When the temperature rises our bodies crave refreshment. We guzzle down water, iced tea and sports drinks to avoid dehydration, which drains energy and prevents the body from being able to maintain its usual functions.
Experts recommend drinking at least two liters of water per day, depending on a variety of factors, such exercise. And while most of the water we consume comes in a glass, people receive about 20% of their water intake through food.
Here are five of the most hydrating foods you should keep in your fridge this summer - plus three things you should consume in moderation:
At over 95% water, veggies don’t get any more hydrating than this. In addition to replenishing water and eliminating toxins from the body, cucumbers have been shown to help control blood pressure, assist with weight loss and reduce cholesterol, among other health benefits.
This pretty pink fruit is packed with about 90% water, living up to its name. Your body will still appreciate the summertime snack long after the seed-spitting contest is over, as watermelon has been associated with everything from improved heart health to reduced muscle soreness in athletes.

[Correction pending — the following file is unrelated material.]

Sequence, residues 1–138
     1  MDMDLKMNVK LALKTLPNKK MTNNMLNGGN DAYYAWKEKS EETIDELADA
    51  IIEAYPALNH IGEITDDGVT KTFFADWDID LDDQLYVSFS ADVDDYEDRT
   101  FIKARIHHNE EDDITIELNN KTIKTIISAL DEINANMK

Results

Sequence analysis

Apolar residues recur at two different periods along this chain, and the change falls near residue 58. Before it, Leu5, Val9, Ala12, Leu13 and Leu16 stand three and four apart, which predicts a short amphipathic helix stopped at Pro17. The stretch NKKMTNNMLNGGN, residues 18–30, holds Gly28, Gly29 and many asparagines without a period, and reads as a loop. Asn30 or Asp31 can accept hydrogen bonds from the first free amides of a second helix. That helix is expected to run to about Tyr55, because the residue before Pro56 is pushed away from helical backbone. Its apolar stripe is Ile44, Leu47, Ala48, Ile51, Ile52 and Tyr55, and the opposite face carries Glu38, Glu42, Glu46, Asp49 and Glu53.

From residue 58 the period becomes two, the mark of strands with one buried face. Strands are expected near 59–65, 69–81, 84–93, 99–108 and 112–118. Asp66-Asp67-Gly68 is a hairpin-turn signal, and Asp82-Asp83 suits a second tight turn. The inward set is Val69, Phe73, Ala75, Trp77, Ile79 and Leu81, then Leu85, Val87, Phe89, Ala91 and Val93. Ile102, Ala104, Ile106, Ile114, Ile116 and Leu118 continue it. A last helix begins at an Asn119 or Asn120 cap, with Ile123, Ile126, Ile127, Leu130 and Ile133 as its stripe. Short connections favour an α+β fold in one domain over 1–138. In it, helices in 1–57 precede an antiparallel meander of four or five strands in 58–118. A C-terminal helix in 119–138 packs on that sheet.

Whether you like 'em red, orange, yellow or green, peppers are a healthy, hydrating, low-calorie snack. Depending on the color, they clock in around 92% water and offer an array of vitamins and antioxidants, including vitamins A and C.
Fresh berries are another great option during summertime. They range from about 85% to 91% water depending on the type - strawberries have the highest water content - and can be eaten in about a zillion different ways. Berries have been shown to help regulate weight, boost mental sharpness and lower blood pressure.
These fast-growing summer fruits are almost 95% water and can be used on everything from salads to bruschetta. Tomatoes are also loaded with lycopene, which has been linked to reduced risk of several cancers.
Consume in moderation:
Alcohol drains your body of water - hence all those trips to the bathroom. Your body loses out even more when you’re outside drinking and sweating on a hot summer day.
Too much salt has become common in American diets, thanks to the prominence of processed and packaged foods. Use the salt shaker lightly at home and sub in herbs and spices when you can.
High-protein diets cause more frequent urination, so counteract this by increasing your water consumption simultaneously.
The LSU AgCenter and the LSU College of Agriculture